Chapter 1. Introduction

Table of Contents

Definition and purpose
Rationale and purpose
Design Principles

The Text Alignment Network (TAN) is a suite of highly regulated XML formats intended for scholars to interoperably align and share texts and textual analysis. TAN is particularly suited to the study and exchange of a textual work in its different versions (translations, paraphrases), and to producing related datasets on quotations, word-for-word alignments, and lexicomorphological features, all at a maximal level of syntactic and semantic interoperability.

TAN files are simple, modular, and networked, allowing users, working independently and collaboratively, to edit, study, and exchange files. The extensive validation rules depend upon a library of processing functions that definitively interpret the TAN format, thereby informing and helping editors in research and publication, and providing a basis for anyone who wished to create advanced TAN-based tools and applications.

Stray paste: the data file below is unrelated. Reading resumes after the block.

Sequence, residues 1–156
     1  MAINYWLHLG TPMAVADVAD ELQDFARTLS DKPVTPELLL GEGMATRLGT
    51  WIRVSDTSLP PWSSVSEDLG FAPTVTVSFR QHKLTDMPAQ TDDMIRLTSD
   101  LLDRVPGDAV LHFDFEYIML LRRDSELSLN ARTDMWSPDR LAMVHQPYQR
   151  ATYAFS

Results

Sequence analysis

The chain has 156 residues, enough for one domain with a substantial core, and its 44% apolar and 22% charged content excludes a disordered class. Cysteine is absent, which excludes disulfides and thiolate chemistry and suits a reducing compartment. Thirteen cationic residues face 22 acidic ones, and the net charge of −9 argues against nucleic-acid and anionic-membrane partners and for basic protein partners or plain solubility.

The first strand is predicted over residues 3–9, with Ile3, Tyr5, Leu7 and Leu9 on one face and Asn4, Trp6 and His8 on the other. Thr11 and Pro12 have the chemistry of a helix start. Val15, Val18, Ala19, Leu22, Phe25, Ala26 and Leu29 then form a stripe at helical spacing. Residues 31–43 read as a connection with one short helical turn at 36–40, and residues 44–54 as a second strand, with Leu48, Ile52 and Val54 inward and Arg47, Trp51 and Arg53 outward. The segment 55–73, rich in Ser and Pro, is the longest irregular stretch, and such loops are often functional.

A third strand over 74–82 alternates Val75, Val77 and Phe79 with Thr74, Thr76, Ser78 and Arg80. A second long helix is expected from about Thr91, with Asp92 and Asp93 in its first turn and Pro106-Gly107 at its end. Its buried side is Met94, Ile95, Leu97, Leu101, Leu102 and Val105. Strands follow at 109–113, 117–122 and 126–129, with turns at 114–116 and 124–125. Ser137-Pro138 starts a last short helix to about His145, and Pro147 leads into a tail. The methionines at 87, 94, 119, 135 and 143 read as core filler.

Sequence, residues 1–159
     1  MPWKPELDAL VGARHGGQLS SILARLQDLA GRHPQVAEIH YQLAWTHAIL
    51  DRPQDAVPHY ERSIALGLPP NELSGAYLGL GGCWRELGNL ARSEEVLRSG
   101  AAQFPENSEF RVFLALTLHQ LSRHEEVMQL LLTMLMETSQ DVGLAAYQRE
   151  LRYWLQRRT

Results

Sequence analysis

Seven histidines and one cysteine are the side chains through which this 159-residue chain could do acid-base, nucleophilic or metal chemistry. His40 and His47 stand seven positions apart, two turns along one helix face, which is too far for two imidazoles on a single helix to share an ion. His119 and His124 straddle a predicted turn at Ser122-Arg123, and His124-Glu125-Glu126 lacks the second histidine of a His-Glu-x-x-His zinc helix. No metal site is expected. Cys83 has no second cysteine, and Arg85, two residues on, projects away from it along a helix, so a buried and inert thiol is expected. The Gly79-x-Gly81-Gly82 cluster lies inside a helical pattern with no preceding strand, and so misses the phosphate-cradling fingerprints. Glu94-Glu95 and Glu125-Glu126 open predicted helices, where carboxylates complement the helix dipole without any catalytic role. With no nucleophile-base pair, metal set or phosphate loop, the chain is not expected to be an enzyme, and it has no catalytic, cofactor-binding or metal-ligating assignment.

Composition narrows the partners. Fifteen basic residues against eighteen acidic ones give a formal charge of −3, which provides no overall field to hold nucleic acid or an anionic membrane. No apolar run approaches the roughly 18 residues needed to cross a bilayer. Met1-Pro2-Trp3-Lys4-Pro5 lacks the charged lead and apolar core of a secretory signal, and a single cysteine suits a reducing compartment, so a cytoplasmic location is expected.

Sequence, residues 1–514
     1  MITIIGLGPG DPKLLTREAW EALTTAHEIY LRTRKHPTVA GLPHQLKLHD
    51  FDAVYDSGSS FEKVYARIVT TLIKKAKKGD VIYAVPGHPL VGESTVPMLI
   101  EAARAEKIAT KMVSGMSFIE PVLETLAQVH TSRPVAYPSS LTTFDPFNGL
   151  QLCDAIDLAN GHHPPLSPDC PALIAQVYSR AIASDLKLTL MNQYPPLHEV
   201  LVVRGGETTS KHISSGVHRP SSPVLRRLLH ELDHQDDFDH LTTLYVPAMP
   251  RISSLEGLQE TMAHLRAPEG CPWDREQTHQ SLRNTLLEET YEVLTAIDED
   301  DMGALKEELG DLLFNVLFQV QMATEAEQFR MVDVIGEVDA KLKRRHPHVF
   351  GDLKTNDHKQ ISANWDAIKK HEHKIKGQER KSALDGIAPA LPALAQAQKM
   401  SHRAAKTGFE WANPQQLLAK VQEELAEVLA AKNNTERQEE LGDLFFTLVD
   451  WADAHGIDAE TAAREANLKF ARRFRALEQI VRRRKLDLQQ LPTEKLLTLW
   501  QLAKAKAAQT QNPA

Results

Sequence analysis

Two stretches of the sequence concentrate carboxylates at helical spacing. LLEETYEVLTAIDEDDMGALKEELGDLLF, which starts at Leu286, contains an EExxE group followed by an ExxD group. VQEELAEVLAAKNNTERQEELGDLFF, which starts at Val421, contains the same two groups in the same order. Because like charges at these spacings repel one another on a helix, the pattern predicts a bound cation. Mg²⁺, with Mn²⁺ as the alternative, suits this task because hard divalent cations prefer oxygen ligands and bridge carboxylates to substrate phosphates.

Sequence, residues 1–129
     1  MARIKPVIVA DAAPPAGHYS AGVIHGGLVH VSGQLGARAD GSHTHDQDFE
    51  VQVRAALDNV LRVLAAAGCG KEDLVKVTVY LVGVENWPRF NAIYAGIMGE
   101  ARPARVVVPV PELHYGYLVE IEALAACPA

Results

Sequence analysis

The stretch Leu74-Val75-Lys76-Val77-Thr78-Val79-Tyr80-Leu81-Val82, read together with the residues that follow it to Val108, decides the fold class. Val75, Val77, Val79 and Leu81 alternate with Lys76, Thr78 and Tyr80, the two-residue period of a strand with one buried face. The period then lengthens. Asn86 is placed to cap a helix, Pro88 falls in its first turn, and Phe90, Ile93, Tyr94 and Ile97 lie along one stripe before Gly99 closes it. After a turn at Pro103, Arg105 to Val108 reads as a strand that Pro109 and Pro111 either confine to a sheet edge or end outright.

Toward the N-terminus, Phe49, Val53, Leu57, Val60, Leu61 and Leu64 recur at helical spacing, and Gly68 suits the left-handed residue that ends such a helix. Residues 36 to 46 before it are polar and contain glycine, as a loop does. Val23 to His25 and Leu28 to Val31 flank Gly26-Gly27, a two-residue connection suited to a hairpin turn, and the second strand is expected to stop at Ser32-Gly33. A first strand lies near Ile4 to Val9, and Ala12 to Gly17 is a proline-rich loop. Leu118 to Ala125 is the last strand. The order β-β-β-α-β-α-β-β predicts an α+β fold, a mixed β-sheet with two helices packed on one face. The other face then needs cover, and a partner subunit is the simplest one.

Although expressive of nuance and complexity, and committed to scholarly responsibility, TAN files benefit everyone, both scholars and non-scholars, and can be used broadly for multilingual publishing, language learning, and machine translation.